How to choose a MOSFET
An important consideration is whether there will be a radiator or not. in most cases, for devices capable of accepting the operation of a heat sink, a nominal continuous drain current about five times the continuous maximum.
For power mosfet, you choose it by following this sequence, in this order:
- polarity of use (channel n or p)
- maximum operating voltage
- current maximum operating
- maximum rdson (resistance drain – source when the channel is fully open).
- maximum operating frequency
- type of packaging (to-220, dpack, etc.)
you must first know the value of the nominal voltage of your application. If its high Voltages are suitable for power supply. Then check that the max. is chosen accordingly. check the merit (fom) for the mosfet. less of a better mosfet. rds (on) must be minimum to reduce conduction loss qg (tot), ie the total gate capacity must be lower for high frequency design if you are using it for an application of switching.
Choosing a mosfet is sometimes a daunting task. it’s all about compromise here and there. Here are the parameters to know. Break Voltage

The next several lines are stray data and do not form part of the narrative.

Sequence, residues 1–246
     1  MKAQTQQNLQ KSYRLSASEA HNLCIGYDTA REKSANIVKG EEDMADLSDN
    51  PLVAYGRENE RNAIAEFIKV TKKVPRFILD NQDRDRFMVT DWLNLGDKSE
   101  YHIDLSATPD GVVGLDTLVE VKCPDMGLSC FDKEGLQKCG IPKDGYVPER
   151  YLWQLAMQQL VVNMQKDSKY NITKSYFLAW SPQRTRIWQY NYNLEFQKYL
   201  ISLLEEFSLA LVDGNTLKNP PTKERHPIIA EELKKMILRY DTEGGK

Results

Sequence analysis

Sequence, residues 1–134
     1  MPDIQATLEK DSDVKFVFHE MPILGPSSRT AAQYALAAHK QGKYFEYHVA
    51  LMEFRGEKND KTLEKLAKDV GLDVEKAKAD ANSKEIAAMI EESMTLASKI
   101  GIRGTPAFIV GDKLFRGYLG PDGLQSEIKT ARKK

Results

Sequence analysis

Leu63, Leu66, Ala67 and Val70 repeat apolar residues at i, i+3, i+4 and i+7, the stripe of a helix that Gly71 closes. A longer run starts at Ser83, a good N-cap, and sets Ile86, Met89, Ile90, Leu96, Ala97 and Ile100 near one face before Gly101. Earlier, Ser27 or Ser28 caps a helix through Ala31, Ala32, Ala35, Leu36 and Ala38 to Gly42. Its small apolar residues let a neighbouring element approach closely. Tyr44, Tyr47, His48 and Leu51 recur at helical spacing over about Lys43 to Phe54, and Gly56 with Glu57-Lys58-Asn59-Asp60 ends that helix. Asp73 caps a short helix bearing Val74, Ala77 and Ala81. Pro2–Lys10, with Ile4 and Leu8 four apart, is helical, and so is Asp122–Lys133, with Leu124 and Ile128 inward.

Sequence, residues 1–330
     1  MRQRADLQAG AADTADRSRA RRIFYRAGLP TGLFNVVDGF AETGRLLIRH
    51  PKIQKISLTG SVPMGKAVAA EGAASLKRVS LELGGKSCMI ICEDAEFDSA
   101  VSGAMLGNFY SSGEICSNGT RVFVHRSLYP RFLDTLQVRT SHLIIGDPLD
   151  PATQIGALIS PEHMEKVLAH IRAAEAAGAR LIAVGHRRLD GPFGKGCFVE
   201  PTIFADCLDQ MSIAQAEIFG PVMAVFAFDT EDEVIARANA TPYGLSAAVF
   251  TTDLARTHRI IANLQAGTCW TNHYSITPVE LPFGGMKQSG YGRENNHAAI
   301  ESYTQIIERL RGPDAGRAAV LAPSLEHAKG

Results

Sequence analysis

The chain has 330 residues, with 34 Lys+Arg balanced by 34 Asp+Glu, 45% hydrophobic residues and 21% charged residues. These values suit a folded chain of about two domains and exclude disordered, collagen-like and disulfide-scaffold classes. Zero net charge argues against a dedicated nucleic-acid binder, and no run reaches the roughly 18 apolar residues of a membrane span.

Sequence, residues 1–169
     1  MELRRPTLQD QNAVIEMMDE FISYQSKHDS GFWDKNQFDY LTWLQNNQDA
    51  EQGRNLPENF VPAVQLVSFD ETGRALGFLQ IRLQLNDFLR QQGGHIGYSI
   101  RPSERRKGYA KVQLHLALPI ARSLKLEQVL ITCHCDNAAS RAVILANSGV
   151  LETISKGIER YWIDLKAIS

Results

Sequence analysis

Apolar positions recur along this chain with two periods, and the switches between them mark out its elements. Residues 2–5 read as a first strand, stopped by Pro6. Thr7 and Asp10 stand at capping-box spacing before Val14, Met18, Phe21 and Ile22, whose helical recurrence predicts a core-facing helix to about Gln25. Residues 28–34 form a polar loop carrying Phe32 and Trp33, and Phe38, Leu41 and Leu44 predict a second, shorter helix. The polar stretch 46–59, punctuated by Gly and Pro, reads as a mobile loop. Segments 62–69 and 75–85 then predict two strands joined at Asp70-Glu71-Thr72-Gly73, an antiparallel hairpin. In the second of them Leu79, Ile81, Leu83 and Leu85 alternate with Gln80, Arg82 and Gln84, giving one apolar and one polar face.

vds – exceeds this limit and the MOSFET goes to kaboom and releases the magic smoke breakdown voltage
vgs. as above. it’s usually a +/- value.
Grid capacity – smaller will be better. if the capacity is large, you will need more power to charge it quickly enough. you may need to use a high current driver.
Enable / disable delay – the sooner the better. slow switching speeds result in power loss due to slow switching between cutoff and saturation states.
Rds (on) – on resistance – the smaller the better. decreased power loss and heat.
Package – depends on your application – to 220 or sot223 or sot 23 or dpak or d2pak.
Cost – as usual.